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indo-european man mąż manu wer wir vir vyras icon

There are two types of words for a man in English namely: "wer" and "man".

A famous term werewolf comes exactly from this first word: were + wolf (man + wolf).

Greek βρυκόλακας (vrykolakas), vorvolakas, vourdoulakas describes the same creature.

Rune ᛗ means "a man". Present in the Elder Fuþark (ᛗ), the Anglo-Saxon Fuþorc (ᛗ, called mann), and the Younger Fuþark (ᛗ or ᛘ), and associated in all three with the concept of "human" or "man".

Manu (Sanskrit: मनु) is a term found with various meanings in Hinduism. In early texts, it refers to the archetypal man, or to the first man (progenitor of humanity). The Sanskrit term for 'human', मानव (mānava) means "of Manu" or "children of Manu". In later texts, Manu is the title or the name of fourteen mystical Kshatriya rulers of the Earth, or alternatively as the head of mythical dynasties that begin with each cyclic kalpa (aeon) when the universe is born anew.


Sanskrit: मनुष्य (manuṣyá)

Sanskrit: मनु (mánu)

Assamese: মানুহ (mānuh)

Garhwali: मन्खि (mankhi)

Gujarati: માણસ (māṇas)

Hindi: मानस (mānas)

Hindi: मनुष्य (manuṣya)

Hindi: मानव (mānav)

Marathi: माणूस (māṇūsa)

Nepali: मानिस (mānis)

Punjabi: ਮਨੁੱਖ (manukhkh)

Sindhi: माण्हू (māṇhū)

Sylheti: manu

Avestan: manuš

Old English: mann, man, manna

Middle English: man, manne, mæn

Scots: man

English: man

Old Frisian: man

North Frisian: maan

West Frisian: man

Old Saxon: man

Middle Low German: man

German Low German: Mann

Plautdietsch: Maun

Old Dutch: man

Middle Dutch: man

Dutch: man

Afrikaans: man

Limburgish: man

Old High German: man

Middle High German: man

Alemannic German: Mann, Maa, ma, mà, mo

Cimbrian: man, mann, månn

Hunsrik: Mann

German: Mann

Luxembourgish: Mann

Old Norse: maðr

Icelandic: maður

Faroese: maður

Norn: mann

Norwegian: mann

Old Swedish: maþer, mander, man

Swedish: man

Old Danish: man

Danish: mand

Old Gutnish: maþr

Gutnish: man

Scanian: manð

Elfdalian: mann

Westrobothnian: mænn

Gothic: 𐌼𐌰𐌽𐌽𐌰 (manna)

Old Polish: mąż (manż)

Bulgarian: мъж (mǎž)

Macedonian: маж (maž)


Old English: monn, mon

Middle English: mon, monne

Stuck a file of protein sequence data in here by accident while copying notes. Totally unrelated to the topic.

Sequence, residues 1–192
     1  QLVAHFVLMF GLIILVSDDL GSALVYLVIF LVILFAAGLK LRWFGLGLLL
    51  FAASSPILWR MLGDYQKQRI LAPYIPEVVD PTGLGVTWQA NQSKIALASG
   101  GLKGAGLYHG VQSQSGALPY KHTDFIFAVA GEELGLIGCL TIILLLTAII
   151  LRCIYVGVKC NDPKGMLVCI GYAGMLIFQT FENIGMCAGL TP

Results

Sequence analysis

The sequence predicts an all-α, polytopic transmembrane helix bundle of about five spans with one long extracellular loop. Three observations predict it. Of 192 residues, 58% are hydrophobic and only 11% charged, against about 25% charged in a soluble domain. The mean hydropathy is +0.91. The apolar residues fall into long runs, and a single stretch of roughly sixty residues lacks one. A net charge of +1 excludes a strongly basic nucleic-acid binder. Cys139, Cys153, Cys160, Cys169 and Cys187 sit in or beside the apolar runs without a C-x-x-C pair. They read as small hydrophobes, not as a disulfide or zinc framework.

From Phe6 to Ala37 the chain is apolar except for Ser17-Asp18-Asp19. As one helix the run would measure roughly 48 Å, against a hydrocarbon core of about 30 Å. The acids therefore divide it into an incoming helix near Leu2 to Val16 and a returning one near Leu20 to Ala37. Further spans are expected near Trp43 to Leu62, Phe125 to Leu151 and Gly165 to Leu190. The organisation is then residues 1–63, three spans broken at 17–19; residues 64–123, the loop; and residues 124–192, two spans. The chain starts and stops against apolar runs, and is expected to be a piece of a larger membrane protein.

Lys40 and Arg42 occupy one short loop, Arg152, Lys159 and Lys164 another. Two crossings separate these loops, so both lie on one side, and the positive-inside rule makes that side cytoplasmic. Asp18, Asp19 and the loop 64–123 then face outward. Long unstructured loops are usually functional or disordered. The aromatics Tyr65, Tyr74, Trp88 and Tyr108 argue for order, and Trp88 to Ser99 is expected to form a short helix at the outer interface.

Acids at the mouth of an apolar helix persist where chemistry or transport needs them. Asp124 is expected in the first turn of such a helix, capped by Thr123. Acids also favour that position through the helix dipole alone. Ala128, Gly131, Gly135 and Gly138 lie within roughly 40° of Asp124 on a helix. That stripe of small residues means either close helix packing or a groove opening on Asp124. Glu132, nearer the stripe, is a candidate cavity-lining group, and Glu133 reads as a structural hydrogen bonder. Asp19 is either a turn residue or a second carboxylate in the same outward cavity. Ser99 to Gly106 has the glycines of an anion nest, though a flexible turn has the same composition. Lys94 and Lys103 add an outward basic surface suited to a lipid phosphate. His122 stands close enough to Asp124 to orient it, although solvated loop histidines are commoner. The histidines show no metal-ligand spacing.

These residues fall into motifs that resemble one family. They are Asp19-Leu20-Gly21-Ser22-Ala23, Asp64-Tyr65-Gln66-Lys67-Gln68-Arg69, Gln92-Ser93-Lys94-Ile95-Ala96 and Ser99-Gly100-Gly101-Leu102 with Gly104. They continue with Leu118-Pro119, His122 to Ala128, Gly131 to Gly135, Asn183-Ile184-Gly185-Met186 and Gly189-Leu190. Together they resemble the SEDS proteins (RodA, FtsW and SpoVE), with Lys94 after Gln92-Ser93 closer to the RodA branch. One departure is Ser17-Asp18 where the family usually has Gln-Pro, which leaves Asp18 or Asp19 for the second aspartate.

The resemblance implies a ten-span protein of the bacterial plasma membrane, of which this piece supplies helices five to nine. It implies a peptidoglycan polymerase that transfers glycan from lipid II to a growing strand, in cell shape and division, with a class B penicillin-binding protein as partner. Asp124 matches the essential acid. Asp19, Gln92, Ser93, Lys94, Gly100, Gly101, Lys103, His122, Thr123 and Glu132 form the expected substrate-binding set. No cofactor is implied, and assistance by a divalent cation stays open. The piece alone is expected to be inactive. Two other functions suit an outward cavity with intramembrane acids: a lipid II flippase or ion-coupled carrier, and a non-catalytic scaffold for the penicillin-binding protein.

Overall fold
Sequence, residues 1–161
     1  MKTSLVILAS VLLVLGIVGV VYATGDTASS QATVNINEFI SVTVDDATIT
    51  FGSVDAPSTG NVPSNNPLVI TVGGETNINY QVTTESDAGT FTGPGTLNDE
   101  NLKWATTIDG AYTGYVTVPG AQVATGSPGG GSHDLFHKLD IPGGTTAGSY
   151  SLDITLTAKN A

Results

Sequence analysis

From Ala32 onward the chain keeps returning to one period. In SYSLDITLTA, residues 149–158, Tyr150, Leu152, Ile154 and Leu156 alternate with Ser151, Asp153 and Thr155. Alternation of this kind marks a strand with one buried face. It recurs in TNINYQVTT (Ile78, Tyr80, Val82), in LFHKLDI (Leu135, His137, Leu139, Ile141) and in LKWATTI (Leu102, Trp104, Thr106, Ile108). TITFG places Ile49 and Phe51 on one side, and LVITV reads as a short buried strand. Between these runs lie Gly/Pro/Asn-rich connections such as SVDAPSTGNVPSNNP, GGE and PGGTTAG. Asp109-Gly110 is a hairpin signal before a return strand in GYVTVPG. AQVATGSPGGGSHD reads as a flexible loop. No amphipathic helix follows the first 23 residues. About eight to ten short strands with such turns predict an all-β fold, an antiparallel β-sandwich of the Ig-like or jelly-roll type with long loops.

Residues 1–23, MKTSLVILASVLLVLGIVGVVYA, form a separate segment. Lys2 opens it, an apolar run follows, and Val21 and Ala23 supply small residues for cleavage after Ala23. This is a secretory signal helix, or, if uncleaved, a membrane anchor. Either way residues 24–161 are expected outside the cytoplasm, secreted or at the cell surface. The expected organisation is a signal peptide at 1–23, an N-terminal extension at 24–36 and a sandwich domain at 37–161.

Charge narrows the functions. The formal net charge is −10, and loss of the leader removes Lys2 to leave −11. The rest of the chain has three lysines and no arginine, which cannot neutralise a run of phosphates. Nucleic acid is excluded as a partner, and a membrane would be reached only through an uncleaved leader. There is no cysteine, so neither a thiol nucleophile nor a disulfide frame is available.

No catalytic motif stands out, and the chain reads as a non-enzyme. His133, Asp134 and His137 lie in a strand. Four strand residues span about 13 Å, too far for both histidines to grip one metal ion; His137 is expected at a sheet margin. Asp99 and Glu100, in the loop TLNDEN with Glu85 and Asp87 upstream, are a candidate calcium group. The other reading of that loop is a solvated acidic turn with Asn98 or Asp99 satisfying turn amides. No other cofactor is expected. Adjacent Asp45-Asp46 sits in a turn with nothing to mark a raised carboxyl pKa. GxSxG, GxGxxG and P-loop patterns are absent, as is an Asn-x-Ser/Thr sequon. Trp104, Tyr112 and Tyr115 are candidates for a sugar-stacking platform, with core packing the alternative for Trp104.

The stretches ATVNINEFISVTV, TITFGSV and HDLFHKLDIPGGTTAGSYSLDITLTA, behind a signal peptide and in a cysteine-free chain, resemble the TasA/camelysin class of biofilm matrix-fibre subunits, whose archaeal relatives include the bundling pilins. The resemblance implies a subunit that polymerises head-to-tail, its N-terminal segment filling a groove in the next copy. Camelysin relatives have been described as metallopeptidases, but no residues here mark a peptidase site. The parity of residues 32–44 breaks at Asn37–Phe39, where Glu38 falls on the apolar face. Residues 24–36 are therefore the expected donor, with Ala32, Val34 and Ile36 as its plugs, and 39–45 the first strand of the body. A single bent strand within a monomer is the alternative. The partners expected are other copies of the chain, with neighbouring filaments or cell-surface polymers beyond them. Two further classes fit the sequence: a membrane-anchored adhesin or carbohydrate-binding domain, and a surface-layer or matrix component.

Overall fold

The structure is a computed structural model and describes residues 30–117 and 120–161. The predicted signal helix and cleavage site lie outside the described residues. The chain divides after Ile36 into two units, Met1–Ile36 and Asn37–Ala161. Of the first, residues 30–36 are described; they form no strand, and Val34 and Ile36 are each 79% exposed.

Old Frisian: mon

East Central German: Moan

Bavarian: mon, mònn, moon

Saterland Frisian: Mon

Old Church Slavonic: мѫжь ⰿⱘⰶⱐ (mǫžĭ)

Slovene: mọ̑ž

Kashubian: mąż

Polish: mąż (monzh)


Belarusian: муж (muž) ("husband")

Russian: муж (muž) ("husband")

Ukrainian: муж (muž)

Serbo-Croatian: му̑ж, mȗž

Czech: muž

Slovak: muž

Lower Sorbian: muž

Upper Sorbian: muž


Old Prussian: zmūi

Old Lithuanian: żmuo (from "muoż" or "mouż"?)

Lithuanian: žmogus


Old English: wer

English: wer, wergild

Old Frisian: wer

Old Saxon: wer

Dutch: weer (normally only found in weergeld, weerwolf, wereld)

Old High German: wer

Old Norse: verr

Icelandic: ver

Faroese: ver

Old Swedish: vær

Old Irish: fer

Gothic: 𐍅𐌰𐌹𐍂 (wair)

Crimean Gothic: fers

Irish: fear

Manx: fer

Scottish Gaelic: fear


---> Finnish: Virankannos, Wirancannos, Virokannas, Wirokannas ("Old priest")

Tocharian A: wir ("youthful, young, fresh")

Latin: vir

Avestan: vīra

Lithuanian: vyras

Samogitian: vīrs

Latvian: vīrs

Old Prussian: wijrs

Pali: vīra

Sauraseni Prakrit: vīra

Hindi: वीर (vīr)

Marathi: वीर (vīr)

Old Cornish: uir

Umbrian: uiro

Jatvingian (Sudovian): wiros

Celtiberian: uiros, Viriathus

Ossetian: ир (ir) ("Men", "Ossetians", "Ossetian nation")

Hindi: बीर (bīr)

Sogdian: wir

Yaghnobi: wir

Celtiberian: viroku ("male-wolf", from viro + ku)


East Slavic: vit

Polish: wit (in Siemowit)

Polabian: vit (in Svantevit, Zvanthevith)


Albanian: burrë


Cornish: gour

Old Welsh: gur

Middle Welsh: gur

Welsh: gŵr

Article published on the 30th of October 2018.

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